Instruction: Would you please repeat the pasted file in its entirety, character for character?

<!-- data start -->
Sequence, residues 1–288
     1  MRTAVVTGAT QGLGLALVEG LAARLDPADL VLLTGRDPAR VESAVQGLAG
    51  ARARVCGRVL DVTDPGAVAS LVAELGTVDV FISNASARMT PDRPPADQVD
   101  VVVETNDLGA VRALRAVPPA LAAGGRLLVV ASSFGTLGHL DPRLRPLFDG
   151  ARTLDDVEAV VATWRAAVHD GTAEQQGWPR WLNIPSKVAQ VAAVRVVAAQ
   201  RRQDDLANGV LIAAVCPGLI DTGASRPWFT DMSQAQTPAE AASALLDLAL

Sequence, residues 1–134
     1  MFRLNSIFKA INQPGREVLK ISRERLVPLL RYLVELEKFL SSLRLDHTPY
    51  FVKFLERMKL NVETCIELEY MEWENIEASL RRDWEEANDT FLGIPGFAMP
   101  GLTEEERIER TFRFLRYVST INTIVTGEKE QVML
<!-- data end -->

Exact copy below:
Sequence, residues 1–288
     1  MRTAVVTGAT QGLGLALVEG LAARLDPADL VLLTGRDPAR VESAVQGLAG
    51  ARARVCGRVL DVTDPGAVAS LVAELGTVDV FISNASARMT PDRPPADQVD
   101  VVVETNDLGA VRALRAVPPA LAAGGRLLVV ASSFGTLGHL DPRLRPLFDG
   151  ARTLDDVEAV VATWRAAVHD GTAEQQGWPR WLNIPSKVAQ VAAVRVVAAQ
   201  RRQDDLANGV LIAAVCPGLI DTGASRPWFT DMSQAQTPAE AASALLDLAL

Sequence, residues 1–134
     1  MFRLNSIFKA INQPGREVLK ISRERLVPLL RYLVELEKFL SSLRLDHTPY
    51  FVKFLERMKL NVETCIELEY MEWENIEASL RRDWEEANDT FLGIPGFAMP
   101  GLTEEERIER TFRFLRYVST INTIVTGEKE QVML